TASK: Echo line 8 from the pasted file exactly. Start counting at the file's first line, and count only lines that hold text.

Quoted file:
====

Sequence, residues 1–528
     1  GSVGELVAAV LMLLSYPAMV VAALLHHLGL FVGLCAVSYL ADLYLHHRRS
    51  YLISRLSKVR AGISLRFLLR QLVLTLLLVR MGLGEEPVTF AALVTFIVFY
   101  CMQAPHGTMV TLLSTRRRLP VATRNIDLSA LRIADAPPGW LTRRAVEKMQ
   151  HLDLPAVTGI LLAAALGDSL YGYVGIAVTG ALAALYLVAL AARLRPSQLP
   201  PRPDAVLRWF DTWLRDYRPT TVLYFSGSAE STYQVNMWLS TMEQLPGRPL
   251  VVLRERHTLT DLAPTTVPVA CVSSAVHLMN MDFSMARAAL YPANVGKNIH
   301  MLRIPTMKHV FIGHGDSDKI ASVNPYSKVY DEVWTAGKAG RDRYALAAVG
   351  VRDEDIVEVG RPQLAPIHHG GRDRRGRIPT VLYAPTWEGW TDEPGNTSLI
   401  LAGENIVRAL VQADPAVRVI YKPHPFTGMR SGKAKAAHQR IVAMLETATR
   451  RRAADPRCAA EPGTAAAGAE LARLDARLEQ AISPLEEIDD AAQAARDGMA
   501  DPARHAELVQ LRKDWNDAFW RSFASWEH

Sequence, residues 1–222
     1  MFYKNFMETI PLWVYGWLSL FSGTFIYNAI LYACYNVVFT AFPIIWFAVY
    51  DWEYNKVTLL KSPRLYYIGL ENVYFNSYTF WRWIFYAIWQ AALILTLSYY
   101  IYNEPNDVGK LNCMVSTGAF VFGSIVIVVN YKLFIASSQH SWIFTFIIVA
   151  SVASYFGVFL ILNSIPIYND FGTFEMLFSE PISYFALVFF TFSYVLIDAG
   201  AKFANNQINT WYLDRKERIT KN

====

   301  MLRIPTMKHV FIGHGDSDKI ASVNPYSKVY DEVWTAGKAG RDRYALAAVG